To avoid any discussion of a plan B, ministers privately talk up the flexibility of plan A. The headline ambition is to eliminate the structural deficit within four years but the Budget leaves room for manoeuvre. "If you read the small print," says one member of the cabinet, "it is really five years."

In political terms, the distinction is hardly relevant. The public has accepted austerity and, as the Tories never tire of pointing out, Labour fought the election offering cuts, too. Besides, the government's promotion of Osborne's deficit-reduction timetable as the only legitimate benchmark of credibility has become a self-fulfilling prophecy. Financial markets might have accepted a more flexible approach last May. Now, they are more likely to punish a fiscal wiggle as a failure of nerve.

Osborne and Cameron vigorously pushed a narrow domestic view of Britain's economic problems to serve the demands of last year's election campaign. Now, they are trapped in that parochial story. They have no way to express the global challenges they face without sounding as if they are making excuses for their failed policies - much as they accused Brown of doing. Without an adequate intellectual response to the underlying causes of the crisis, Britain's government floats rudderless through the storm.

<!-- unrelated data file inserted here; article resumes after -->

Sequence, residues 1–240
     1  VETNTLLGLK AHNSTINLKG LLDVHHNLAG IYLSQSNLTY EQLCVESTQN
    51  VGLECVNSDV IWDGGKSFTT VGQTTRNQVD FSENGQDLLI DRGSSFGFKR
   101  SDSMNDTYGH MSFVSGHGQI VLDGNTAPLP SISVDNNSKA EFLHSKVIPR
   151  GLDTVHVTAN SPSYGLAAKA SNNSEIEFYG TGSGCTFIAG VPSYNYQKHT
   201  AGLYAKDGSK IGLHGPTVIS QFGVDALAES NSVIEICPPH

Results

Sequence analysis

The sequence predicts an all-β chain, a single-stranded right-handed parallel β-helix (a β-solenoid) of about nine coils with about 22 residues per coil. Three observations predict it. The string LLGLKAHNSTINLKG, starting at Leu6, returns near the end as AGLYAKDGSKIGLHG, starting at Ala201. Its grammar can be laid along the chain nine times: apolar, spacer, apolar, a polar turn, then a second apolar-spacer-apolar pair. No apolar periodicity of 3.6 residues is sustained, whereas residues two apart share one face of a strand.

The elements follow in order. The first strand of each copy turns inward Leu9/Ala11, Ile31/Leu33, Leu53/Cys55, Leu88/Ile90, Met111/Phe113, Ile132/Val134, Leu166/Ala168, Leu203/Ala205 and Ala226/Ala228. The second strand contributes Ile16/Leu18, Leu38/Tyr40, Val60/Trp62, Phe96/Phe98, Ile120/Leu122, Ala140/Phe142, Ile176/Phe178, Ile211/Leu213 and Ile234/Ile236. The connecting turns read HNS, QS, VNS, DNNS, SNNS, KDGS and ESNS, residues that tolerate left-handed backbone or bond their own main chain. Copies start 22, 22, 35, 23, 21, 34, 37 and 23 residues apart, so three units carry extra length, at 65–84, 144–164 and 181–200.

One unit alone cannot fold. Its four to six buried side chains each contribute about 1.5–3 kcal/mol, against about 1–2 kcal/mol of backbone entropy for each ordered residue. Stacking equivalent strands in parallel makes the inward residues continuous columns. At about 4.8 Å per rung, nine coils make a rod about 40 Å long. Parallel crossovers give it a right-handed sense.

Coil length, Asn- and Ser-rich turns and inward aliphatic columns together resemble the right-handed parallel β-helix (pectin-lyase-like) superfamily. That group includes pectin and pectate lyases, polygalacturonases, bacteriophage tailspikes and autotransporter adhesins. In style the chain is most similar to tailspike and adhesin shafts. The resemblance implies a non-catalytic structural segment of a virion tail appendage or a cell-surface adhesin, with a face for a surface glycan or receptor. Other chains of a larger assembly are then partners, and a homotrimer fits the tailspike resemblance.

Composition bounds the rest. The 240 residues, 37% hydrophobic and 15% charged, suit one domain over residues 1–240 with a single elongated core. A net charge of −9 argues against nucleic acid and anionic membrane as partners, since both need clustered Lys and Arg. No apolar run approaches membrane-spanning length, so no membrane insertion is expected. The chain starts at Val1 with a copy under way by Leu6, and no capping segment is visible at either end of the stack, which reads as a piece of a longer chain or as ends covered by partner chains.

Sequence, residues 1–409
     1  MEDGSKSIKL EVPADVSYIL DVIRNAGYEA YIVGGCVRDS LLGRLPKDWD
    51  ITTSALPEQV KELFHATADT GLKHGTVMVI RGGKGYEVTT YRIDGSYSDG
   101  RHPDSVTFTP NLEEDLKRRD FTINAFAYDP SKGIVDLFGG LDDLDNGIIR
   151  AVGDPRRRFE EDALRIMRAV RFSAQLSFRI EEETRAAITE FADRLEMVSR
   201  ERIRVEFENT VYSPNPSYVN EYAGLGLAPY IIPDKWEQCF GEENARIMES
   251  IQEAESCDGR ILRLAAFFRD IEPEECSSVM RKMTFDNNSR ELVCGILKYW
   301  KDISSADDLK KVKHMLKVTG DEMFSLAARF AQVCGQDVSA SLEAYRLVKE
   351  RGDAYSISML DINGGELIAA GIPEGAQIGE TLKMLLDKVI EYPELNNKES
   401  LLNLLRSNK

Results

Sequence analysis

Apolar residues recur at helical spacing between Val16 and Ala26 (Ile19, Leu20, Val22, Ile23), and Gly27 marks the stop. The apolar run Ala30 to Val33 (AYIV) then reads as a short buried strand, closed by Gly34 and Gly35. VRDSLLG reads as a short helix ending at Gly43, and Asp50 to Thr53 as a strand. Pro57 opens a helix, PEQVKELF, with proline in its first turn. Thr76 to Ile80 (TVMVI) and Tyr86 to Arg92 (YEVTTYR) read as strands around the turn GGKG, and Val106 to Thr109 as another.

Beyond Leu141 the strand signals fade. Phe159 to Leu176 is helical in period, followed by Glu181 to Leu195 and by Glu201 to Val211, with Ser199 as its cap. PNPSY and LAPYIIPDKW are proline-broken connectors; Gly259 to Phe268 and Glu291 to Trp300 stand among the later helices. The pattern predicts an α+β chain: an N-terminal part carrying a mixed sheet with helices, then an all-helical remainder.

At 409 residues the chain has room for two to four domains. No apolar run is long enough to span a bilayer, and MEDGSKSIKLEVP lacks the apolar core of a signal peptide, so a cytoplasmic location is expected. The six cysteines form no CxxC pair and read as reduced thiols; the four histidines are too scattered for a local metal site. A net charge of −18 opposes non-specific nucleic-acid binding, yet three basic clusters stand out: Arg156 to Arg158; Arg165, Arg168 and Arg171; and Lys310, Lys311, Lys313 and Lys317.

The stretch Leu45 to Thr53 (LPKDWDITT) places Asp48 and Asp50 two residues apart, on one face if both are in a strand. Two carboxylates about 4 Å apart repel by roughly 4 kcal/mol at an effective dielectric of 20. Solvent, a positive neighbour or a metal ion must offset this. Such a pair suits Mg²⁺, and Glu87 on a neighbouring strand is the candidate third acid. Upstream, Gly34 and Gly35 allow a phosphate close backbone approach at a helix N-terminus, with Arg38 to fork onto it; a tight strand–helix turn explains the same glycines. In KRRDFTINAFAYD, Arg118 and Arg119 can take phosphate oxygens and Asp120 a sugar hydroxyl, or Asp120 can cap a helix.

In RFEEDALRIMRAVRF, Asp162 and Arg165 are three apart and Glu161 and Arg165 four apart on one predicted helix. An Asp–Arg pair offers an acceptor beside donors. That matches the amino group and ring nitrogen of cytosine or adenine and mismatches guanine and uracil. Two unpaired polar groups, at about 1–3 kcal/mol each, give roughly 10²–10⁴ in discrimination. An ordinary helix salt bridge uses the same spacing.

Rafael Behr is chief political commentator of the New Statesman

Rafael Behr is political columnist at the Guardian and former political editor of the New Statesman

This article first appeared in the 01 August 2011 issue of the New Statesman, The rise of the far right

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Q&A: What are tax credits and how do they work?

All you need to know about the government's plan to cut tax credits.

What are tax credits?

Tax credits are payments made regularly by the state into bank accounts to support families with children, or those who are in low-paid jobs. There are two types of tax credit: the working tax credit and the child tax credit.

What are they for?

To redistribute income to those less able to get by, or to provide for their children, on what they earn.

Are they similar to tax relief?

No. They don’t have much to do with tax. They’re more of a welfare thing. You don’t need to be a taxpayer to receive tax credits. It’s just that, unlike other benefits, they are based on the tax year and paid via the tax office.

Who is eligible?

Anyone aged over 16 (for child tax credits) and over 25 (for working tax credits) who normally lives in the UK can apply for them, depending on their income, the hours they work, whether they have a disability, and whether they pay for childcare.

What are their circumstances?